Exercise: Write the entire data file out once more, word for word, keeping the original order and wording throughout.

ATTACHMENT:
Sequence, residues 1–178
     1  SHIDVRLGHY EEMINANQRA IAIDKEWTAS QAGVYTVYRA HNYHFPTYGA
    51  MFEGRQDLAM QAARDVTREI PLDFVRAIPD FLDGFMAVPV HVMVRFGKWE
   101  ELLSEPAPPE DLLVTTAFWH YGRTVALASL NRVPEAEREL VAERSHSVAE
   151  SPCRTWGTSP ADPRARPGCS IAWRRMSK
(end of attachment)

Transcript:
Sequence, residues 1–178
     1  SHIDVRLGHY EEMINANQRA IAIDKEWTAS QAGVYTVYRA HNYHFPTYGA
    51  MFEGRQDLAM QAARDVTREI PLDFVRAIPD FLDGFMAVPV HVMVRFGKWE
   101  ELLSEPAPPE DLLVTTAFWH YGRTVALASL NRVPEAEREL VAERSHSVAE
   151  SPCRTWGTSP ADPRARPGCS IAWRRMSK